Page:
OSU Department of Physics remains at the forefront for radiation research in space travel
Tuesday, March 15, 2022
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The future of space exploration might be found in a mysterious, off-campus building in Stillwater.
The Venture One building is home to the Oklahoma State University Department of Physics. Its few markings leave the imagination to wonder what goes on behind its cool exterior, however it is a hub of research and an institute of space and air innovations.
Part of that research is focused on monitoring radiation.
With the recent focus on public space travel, Dr. Eric Benton, a radiation physicist at OSU, explained that all flights are exposed to some sort of radiation, but prolonged exposure and the effects on technology and electronics are the real unknowns.
“We don’t know how radiation corrupts information,” Benton said. “We don’t know how radiation damages DNA. We need to track radiation to find the benchmark. We need to learn the balance of radiation. It gets a bad rap, but it obviously helps, too.”
To assist with that, Benton and his team created the Atmospheric Ionizing Radiation Tissue Equivalent Dosimeter (AirTED), which measures radiation. Their device has now been selected as the measurement device of choice to ride in the 2023 Blue Origin payload locker.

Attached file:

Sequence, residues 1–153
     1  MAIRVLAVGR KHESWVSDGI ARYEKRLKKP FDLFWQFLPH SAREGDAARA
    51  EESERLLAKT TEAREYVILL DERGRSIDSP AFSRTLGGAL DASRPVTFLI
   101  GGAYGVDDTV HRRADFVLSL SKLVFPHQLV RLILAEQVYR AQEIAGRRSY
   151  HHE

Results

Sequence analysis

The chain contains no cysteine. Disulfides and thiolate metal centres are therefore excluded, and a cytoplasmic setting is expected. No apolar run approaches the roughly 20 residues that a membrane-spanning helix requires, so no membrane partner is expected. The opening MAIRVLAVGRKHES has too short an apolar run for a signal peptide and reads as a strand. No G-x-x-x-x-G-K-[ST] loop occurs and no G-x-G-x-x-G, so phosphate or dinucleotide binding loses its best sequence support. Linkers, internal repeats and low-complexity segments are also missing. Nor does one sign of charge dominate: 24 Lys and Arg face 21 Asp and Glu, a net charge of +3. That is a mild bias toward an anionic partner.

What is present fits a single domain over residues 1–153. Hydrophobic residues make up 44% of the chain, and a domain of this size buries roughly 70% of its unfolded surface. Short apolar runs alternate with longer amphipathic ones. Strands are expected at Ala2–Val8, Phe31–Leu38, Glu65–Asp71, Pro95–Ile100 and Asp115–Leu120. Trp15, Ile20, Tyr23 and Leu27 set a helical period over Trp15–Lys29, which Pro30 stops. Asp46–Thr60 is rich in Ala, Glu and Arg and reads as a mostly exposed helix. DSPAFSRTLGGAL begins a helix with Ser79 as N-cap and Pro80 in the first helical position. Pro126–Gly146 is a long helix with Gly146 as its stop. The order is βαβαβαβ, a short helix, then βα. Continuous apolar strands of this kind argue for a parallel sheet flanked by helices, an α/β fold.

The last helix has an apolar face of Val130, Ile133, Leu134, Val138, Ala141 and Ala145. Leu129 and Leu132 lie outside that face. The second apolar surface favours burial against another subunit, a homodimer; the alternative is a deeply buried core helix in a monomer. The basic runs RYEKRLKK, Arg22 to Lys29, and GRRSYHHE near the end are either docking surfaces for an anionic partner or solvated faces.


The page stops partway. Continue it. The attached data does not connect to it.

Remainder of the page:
This will not be the first flight for OSU technology, though. AirTED was permanently installed on the WB-57, a high-altitude research plane, in December 2021.
Originally, the B-57 was made for World War I. Now, the modified plane is owned by NASA.
There are three still in flight and used for research. In its original form, the B-57 had a second seat for the bombardier but now the payload, or the AirTED, is permanently mounted in that position.
“Collectively, scientists have atmospheric measurements for space, but now we need atmospheric measurements specifically for radiation,” Benton said. “Space tourism is obviously hot right now, but radiation measurements and detectors are as important, even moreso, now.”
Scientists understand the balance of radiation and its attributes and harmful qualities, but seek the quantitative effect at different levels of exposure, he added.
Not only has OSU technology flown before AirTED, but is has also been used in space travel, as well.
“NASA’s EPSCoR Program was the first flight for the OSU team’s radiation detection. But the device was damaged in shipment,” Benton said.
In 2018, the OSU physics department again landed a spot for the detector to board a ship bound to the International Space Station.
After these opportunities, Benton’s team went looking for another. In 2020-2021, NASA added a new program and the team applied and won, Benton said. This new program came with the requisite to find their own flight to the space station.
With the assistance of Dr. Brad Gersey, OSU adjunct professor, and Josh Desmond, contracting and industrial sponsored research officer, AirTED received a round-trip ticket on Blue Origin.
The suborbital trip will lift off in 2022-2023 with the purpose of tracking radiation fluctuation data in orbit.
Dr. Benton and his team look ahead to continued radiation research and the future growth in OSU technology.